Symposium “U.S.-Japan Relations: 70 years and Beyond”
• A symposium, “U.S.-Japan Relations: 70 Years and Beyond” took place on November 21 at the Harris Hall on the Evanston campus of Northwestern University. A-day-long event consisted of four sections, and Japanese Americans (JAs) from a variety of backgrounds discussed about “Historical and cultural perspectives that shape the Japanese American Identity,” “Issues that affect and concern the Japanese American community,” “Japanese Americans in the Pan-Asian Movement,” and “The Role of Japanese Americans in U.S.-Japan Relations.”
• Richard Morimoto of Northwestern University
welcomed the participants.
• William Yoshino of JACL briefed the
development of the JA history in Chicago.
• “The Baseline: Who Are We? – The History
and Culture that Shaped the Chicago Japanese American Community”, was
one of the most interesting discussions.
• Jason Matusmoto is a yonsei and has led the Ho Etsu Taiko drumming group. His first ID was Asian American; then it was changed to a JA. During his college years, he joined the Sophia University in Tokyo for one year and stayed with his host family. While he was in Japan, he felt himself as more American than ever.
• Kenji Negi is a new nisei and a son
of Japanese mother and Chinese father. He has been involved in the JA
community since he was a child, but he feels that new issei and nisei
are different from JA sansei, yonsei, and gosei, because new issei and
nisei didn’t have internment camp experiences while JA sansei and yonsei
are easily united and sharing the camp experience of their parents or
• Ryan Masaaki Yokota’s case is more complex. He is a yonsei, and at the same time, he is a new nisei. He was raised in Southern California, and his first ID was Asian American. As he grew up, his ID moved to JA during his high school and college time. When he became 27 years old, he got a sense of “nikkei (Japan related)” as his ID. He studied the Japanese language and now is fluent in it. He said that he felt more Japanese with a nikkei ID and had more connections with the homeland. As a nikkei, he feels more connections with nikkei people in the world. Furthermore, he has gotten a sense of being a new issei although it would be strange for him. On the other hand, he has a sense of being a yonsei and respects his father’s American legacy. Yokota is a Ph.D. candidate in Japanese History at the University of Chicago.
• “The Role of Japanese Americans in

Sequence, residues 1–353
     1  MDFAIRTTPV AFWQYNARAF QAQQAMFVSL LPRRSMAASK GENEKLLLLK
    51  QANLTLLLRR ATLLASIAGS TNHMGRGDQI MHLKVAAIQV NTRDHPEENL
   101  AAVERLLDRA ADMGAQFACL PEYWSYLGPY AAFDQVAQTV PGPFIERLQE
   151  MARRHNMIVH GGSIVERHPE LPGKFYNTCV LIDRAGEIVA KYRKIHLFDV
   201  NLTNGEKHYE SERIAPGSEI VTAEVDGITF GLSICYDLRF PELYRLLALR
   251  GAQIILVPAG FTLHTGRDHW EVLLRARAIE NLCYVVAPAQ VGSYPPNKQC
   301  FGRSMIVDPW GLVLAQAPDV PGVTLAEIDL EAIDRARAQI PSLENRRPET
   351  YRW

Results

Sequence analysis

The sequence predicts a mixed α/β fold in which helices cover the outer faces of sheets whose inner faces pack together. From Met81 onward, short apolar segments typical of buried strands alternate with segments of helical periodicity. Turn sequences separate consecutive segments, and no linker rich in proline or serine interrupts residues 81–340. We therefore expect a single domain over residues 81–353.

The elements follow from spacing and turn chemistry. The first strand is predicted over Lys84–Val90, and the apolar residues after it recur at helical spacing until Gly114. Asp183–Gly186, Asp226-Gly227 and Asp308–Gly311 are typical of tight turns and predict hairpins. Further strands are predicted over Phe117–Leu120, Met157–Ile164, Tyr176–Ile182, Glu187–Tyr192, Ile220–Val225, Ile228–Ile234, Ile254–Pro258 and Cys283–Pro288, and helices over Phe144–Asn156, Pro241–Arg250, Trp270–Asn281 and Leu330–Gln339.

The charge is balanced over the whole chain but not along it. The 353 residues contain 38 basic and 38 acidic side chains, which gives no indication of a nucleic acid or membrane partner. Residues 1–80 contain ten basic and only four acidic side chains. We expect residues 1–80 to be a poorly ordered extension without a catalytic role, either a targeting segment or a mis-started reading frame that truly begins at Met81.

U.S.-Japan Relations” would be an important subject for both JAs and Japanese
• Dayne Kono, a Principal at the Masuda, Funai, Eifert & Mitchell law firm, participated in the Delegation in 2010. He said that the Japanese government has begun to recognize the contributions of JAs who can work professionally with Japanese companies.
• As an attorney, Kono started to work with Japanese companies at the time of the trade conflict between the U.S. and Japan. He has worked to interconnect the two countries, particularly in foreign direct investments. He said that he felt much more comfortable with his background as a JA and having been exposed to Japan growing up as a foundation of the relationship. He also said that JAs naturally have basically two homelands, the U.S. and Japan.
• He started to work with Japanese clients when Japanese companies didn’t make much investment in the U.S. It was just before Toyota invested in its joint venture with GM in California. He said that he was lucky because he was interested in Japan, and interested in meeting business people from a different corporate culture who knew little about age discrimination, gender discrimination and other important U.S. legal concepts. So these facts were advantages for him. He could relate to them and provide advice on doing business in the U.S.
• According to Kono, Japan is the largest foreign investor nation for the last two years in the U.S. “I think there are a lot of opportunities because JAs basically have two home countries.” Kono said that this can be an advantage in helping to build bridges.
• Irene Hirano Inouye said that there
are a growing number of American companies in Japan, and there would be
opportunities in the future. She also said that the Prime Minister indicated
greater opportunities in Japan, and that tendency didn’t happen in the
• Kono said that his Japanese clients have become globalized because in addition to North America they have established operations in China, Southeast Asia, South America, and Europe. He has seen Japanese companies begin to hire foreign director-level people who often meet in Japan and bring interpreters along to regular board meetings. These changes have made companies’ procedures more transparent. Kono also mentioned that in his experience, generally, there are few executive positions held by women in Japanese companies, but JAs have the opportunity to provide successful role models.
• The symposium was organized by
the Organizing Committee (Joyce Morimoto, Richard Morimoto, Sandra Yamate,
and William Yoshino), Northwestern University Asian American Studies Program,
Japanese American Citizens League Chicago Chapter, U.S.-Japan Council,
and Chicago Nikkei Forum with the support by the consulate General of
Japan in Chicago, Chicago Japanese American Historical Society, Japanese
Chamber of Commerce and Industry of Chicago, Japan America Society of
Chicago, Chicago Japanese American Council, Japanese American National
Museum, UIC Asian American Studies Program, DePaul Global Asian Studies
Program, and others.